Tuesday, May 31, 2016

The Evening of the Visitation (Thomas Merton)

  Go, roads, to the four quarters of our quiet distance,  
While you, full moon, wise queen,  
Begin your evening journey to the hills of heaven,  
And travel no less stately in the summer sky 
Than Mary, going to the house of Zachary. 
The woods are silent with the sleep of doves, 
The valleys with the sleep of streams, 
And all our barns are happy with peace of cattle gone to rest. 
Still wakeful, in the fields, the shocks of wheat 
Preach and say prayers: 
You sheaves, make all your evensongs as sweet as ours, 
Whose summer world, all ready for the granary and barn, 
Seems to have seen, this day, 
Into the secret of the Lord’s Nativity. 
Now at the fall of night, you shocks, 
Still bend your heads like kind and humble kings 
The way you did this golden morning when you saw God’s Mother passing, 
While all our windows fill and sweeten 
With the mild vespers of the hay and barley. 

You moon and rising stars, pour on our barns and houses 
Your gentle benedictions. 
Remind us how our Mother, with far subtler and more holy influence, 
Blesses our rooves and eaves, 
Our shutters, lattices and sills, 
Our doors, and floors, and stairs, and rooms, and bedrooms, 
Smiling by night upon her sleeping children: 
O gentle Mary!  Our lovely Mother in heaven! 

--Thomas Merton, The Evening of the Visitation (1947)

Monday, May 30, 2016

On this Memorial Day

        On this Memorial Day 
     Grant peace to the souls 
     of all those soldiers who died in war. 
     We remember the tears and grief of their families, 
     the pain of mothers, wives, husbands and children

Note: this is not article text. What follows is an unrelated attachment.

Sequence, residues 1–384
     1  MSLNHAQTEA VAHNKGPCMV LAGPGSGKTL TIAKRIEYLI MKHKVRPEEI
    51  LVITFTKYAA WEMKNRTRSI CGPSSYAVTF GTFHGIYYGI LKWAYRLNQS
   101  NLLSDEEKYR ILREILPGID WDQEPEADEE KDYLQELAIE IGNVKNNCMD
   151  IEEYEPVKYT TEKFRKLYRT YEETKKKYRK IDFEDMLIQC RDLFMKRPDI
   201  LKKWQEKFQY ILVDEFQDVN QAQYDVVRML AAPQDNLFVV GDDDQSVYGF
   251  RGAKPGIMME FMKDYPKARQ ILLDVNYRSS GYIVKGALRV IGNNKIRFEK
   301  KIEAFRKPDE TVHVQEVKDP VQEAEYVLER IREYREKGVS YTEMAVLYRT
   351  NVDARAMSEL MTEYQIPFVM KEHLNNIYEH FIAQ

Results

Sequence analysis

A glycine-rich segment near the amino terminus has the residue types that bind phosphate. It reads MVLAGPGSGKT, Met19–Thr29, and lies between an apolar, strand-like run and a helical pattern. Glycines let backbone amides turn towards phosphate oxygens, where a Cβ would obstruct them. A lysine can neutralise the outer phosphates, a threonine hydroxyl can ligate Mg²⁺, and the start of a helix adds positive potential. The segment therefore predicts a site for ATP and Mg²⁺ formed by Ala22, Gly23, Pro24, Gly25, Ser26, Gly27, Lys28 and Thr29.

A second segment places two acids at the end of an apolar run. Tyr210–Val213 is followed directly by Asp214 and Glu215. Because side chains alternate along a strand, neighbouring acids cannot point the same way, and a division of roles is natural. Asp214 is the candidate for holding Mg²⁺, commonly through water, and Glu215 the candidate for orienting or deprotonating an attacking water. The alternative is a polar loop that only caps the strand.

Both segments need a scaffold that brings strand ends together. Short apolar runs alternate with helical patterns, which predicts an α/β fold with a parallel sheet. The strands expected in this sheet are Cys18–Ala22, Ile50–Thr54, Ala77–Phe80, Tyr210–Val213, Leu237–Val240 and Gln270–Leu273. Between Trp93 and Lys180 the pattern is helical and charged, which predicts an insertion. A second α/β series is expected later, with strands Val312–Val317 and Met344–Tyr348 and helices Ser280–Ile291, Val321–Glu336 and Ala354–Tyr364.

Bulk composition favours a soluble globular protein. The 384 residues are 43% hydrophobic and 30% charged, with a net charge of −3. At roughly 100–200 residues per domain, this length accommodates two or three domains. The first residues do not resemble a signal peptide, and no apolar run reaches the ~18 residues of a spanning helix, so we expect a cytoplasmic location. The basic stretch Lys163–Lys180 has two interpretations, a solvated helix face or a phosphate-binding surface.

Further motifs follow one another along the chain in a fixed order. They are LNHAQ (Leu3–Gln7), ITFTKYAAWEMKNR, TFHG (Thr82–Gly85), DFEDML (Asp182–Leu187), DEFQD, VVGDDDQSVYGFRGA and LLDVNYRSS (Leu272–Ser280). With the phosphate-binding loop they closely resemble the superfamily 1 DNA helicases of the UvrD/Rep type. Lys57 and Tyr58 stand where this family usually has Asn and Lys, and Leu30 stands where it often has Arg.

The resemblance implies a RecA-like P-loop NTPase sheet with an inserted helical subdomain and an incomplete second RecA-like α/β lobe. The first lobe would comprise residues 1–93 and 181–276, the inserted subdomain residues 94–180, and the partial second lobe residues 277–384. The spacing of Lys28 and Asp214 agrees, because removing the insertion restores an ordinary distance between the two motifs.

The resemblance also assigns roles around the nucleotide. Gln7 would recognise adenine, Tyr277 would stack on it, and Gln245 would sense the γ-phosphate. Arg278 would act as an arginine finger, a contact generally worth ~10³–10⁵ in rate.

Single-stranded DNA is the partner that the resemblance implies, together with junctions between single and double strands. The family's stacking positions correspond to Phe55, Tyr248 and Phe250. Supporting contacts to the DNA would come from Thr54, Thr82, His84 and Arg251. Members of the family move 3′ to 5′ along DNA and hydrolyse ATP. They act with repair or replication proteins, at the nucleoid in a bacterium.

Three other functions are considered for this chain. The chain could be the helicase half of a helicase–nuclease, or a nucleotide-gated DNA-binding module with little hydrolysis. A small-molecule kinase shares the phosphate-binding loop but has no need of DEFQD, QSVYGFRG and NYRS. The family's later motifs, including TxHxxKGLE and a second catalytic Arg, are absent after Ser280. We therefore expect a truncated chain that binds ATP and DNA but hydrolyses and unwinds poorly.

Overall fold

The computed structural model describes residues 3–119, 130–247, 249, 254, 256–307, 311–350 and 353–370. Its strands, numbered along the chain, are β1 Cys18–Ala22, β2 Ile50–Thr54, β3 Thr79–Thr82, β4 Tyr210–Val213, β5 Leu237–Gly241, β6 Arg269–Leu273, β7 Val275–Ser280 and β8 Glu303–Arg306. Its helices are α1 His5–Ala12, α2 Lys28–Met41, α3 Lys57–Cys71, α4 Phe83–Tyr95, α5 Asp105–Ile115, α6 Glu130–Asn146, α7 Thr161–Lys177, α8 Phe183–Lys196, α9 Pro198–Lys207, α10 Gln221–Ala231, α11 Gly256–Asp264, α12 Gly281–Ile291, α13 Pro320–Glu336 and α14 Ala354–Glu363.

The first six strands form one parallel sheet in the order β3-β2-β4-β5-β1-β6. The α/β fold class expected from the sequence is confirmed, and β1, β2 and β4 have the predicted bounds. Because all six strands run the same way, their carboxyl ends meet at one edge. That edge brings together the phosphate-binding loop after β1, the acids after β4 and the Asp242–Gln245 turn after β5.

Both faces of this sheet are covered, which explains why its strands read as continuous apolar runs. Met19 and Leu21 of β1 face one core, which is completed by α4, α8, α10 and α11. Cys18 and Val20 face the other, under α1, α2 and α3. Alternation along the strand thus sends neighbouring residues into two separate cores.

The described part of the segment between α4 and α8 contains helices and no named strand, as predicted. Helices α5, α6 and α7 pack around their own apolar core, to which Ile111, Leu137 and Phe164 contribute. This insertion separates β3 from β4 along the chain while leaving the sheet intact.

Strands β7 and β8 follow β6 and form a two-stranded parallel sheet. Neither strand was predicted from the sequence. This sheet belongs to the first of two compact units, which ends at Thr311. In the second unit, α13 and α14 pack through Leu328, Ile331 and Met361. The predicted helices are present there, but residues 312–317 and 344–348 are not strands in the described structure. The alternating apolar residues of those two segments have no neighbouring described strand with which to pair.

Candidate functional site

Who lost precious loved ones. 

     To build a meaningful memorial to them, 
     we ask God to give us all the will 
     to work for peace around the world, 
     so no more sons, daughters, husbands, wives, fathers, or mothers 
     are slaughtered by the guns and bombs of war. 
     We ask Mary, who held the lifeless body of her son 
     and was pierced by the sorrow of his suffering and death, 
     to grant us the compassion and wisdom to affirm life 
     and honor the dead through forgiveness and peace-making. 
     May God have mercy on the souls of the departed. 
     Grant them peace, O Lord. 
     May we have mercy on the living. 
     Grant us peace, O Lord.
     In your name, we pray. 


Poem source
Image source:  Normandy American Cemetery and Memorial, 
overlooking Omaha Beach, Colleville-sur-Mer, 
Normandy, France

The very core of love (François Mauriac)

   Being for every man the touchstone of faith and love, the Eucharist, like the Cross, divided minds as soon as it was announced.  Nothing engages a man as much as does the Eucharist.

   The man who partakes in the breaking of the bread dares to build his house on the very core of love.   He becomes, as it were, Godlike, but regardless of the strength he derives from it, his free will remains. We are always free to disown this immense grace, to abuse it.  The Greatest Love may be betrayed.  Fed on the Living Bread, we nevertheless conceal a part of ourselves which longs for swine’s food.

   The Eucharist engages us unreservedly; it is a pact of love, an alliance signed in the deeper recesses of our being.  All our potentialities are called upon to warrant the protection and fulfillment of this pact.

--François Mauriac, Holy Thursday:  An Intimate Remembrance
Image source

Sunday, May 29, 2016

His sweet essence flowed in me (Carl Winderl)

  God is  
on my tongue, at 
Holy Communion the Host 
comes homes to roost, 
in a Way 
I had but naught 
envisioned; as 
if from the first 
the Vision of Him in me 
were mine, alone 

not unlike the melting wafer 
transporting its substance 
along my throat, pulsing 
through my very veins, to dis- 
solve with- 
in the core of me, until 
His sweet essence 
flowed in me, and I 
in turn pronounced His name 
Lord of All, as He 
lay down His sweet head 
against my breast 
and I kissed the Man- 
na from Heaven on his soft baby 
face, while He nuzzled me 
and I, verily, 
the First of all His miracles, 
was on His tongue. 
--Carl Winderl, God is

Saturday, May 28, 2016

One spirit, one person with Christ (Pope Benedict XVI)

   In the Eucharist a communion takes place that corresponds to the union of man and woman in marriage.  Just as they become one flesh, so in Communion we all become one spirit, one person with Christ.

--Pope Benedict XVI, The Spirit of the Liturgy
Image source